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My app is comprised of two threads:

  1. GUI Thread (using Qt)
  2. Simulation Thread

My reason for using two threads is to keep the GUI responsive, while letting the Sim thread spin as fast as possible.

In my GUI thread I'm rendering the entities in the sim at an FPS of 30-60; however, I want my sim to "crunch ahead" - so to speak - and queue up game state to be drawn eventually (think streaming video, you've got a buffer).

Now for each frame of the sim I render I need the corresponding simulation "State". So my sim thread looks something like:

while(1) {
    SimState* s = new SimState;
    simulation.getAgents( s->agents ); // store agents
    // store other things to SimState here..
    stateStore.enqueue(s); // stateStore is a QQueue<SimState*>
    if( /* some threshold reached */ )
        // push stateStore

SimState looks like:

struct SimState {
    std::vector<Agent> agents;
    //other stuff here

And Simulation::getAgents looks like:

void Simulation::getAgents(std::vector<Agent> &a) const
    // mAgents is a std::vector<Agent>
    std::vector<Agent> a_tmp(mAgents);

The Agents themselves are somewhat complex classes. The members are a bunch of ints and floats and two std::vector<float>s.

With this current setup the sim can't crunch must faster than the GUI thread is drawing. I've verified that the current bottleneck is simulation.getAgents( s->agents ), because even if I leave out the push the updates-per-second are slow. If I comment out that line I see several orders of magnitude improvement in updates/second.

So, what sorts of containers should I be using to store the simulation's state? I know there is a bunch of copying going on atm, but some of it is unavoidable. Should I store Agent* in the vector instead of Agent ?

Note: In reality the simulation isn't in a loop, but uses Qt's QMetaObject::invokeMethod(this, "doSimUpdate", Qt::QueuedConnection); so I can use signals/slots to communicate between the threads; however, I've verified a simpler version using while(1){} and the issue persists.

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1 Answer 1

up vote 5 down vote accepted

Try re-using your SimState objects (using some kind of pool mechanism) instead of allocating them every time. After a few simulation loops, the re-used SimState objects will have vectors that have grown to the needed size, thus avoiding reallocation and saving time.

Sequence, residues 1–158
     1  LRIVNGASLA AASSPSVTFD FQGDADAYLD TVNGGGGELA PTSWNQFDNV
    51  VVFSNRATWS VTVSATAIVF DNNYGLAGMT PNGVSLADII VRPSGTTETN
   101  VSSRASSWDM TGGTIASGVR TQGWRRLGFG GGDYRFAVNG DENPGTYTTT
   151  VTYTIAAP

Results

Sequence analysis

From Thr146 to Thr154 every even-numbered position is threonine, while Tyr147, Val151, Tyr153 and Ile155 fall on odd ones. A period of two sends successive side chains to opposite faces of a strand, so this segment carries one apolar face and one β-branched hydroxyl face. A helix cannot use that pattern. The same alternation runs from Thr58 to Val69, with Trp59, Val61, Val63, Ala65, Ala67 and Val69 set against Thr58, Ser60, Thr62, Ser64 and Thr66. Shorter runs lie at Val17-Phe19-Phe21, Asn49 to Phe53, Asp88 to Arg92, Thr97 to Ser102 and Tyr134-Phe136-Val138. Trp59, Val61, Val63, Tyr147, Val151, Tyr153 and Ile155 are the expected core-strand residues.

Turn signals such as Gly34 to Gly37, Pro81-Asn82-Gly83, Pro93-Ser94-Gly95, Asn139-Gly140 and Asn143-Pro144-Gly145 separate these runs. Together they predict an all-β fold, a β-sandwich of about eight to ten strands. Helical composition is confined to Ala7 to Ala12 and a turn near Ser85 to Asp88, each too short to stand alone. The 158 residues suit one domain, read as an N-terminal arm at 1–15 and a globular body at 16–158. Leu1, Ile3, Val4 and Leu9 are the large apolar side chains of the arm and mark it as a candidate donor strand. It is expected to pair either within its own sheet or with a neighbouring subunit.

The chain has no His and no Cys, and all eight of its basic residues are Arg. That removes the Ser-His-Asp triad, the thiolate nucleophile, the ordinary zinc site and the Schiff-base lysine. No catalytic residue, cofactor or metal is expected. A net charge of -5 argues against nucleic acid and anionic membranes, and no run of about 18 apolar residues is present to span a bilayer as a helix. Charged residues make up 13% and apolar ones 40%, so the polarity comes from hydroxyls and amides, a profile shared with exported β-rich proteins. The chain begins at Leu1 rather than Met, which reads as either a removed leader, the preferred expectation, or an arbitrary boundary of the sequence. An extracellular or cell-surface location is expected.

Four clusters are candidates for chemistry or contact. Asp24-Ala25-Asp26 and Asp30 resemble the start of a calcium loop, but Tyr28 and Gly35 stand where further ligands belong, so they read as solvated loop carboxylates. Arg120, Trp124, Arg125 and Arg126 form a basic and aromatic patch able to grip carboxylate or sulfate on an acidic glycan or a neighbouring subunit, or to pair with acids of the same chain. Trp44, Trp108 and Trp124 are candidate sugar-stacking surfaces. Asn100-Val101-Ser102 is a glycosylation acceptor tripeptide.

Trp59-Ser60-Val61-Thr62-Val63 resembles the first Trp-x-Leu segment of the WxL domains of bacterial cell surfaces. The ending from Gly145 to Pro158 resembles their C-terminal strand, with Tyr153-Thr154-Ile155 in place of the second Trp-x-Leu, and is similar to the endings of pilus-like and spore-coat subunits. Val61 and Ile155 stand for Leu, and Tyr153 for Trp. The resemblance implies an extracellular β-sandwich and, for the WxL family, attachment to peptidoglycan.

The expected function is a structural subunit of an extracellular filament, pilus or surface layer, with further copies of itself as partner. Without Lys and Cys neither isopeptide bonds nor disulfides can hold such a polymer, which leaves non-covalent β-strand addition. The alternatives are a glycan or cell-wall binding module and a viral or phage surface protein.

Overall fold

An easy way to implement a pool is to initially push a bunch of pre-allocated SimState objects onto a std::stack<SimState*>. Note that a stack is preferable to a queue, because you want to take the SimState object that is more likely to be "hot" in the cache memory (the most recently used SimState object will be at the top of the stack). Your simulation queue pops SimState objects off the stack and populates them with the computed SimState. These computed SimState objects are then pushed into a producer/consumer queue to feed the GUI thread. After being rendered by the GUI thread, they are pushed back onto the SimState stack (i.e. the "pool"). Try to avoid needless copying of SimState objects while doing all this. Work directly with the SimState object in each stage of your "pipeline".

Of course, you'll have to use the proper synchronization mechanisms in your SimState stack and queue to avoid race conditions. Qt might already have thread-safe stacks/queues. A lock-free stack/queue might speed things up if there is a lot of contention (Intel Thread Building Blocks provides such lock-free queues). Seeing that it takes on the order of 1/50 seconds to compute a SimState, I doubt that contention will be a problem.

If your SimState pool becomes depleted, then it means that your simulation thread is too "far ahead" and can afford to wait for some SimState objects to be returned to the pool. The simulation thread should block (using a condition variable) until a SimState object becomes available again in the pool. The size of your SimState pool corresponds to how much SimState can be buffered (e.g. a pool of ~50 objects gives you a crunch-ahead time of up to ~1 seconds).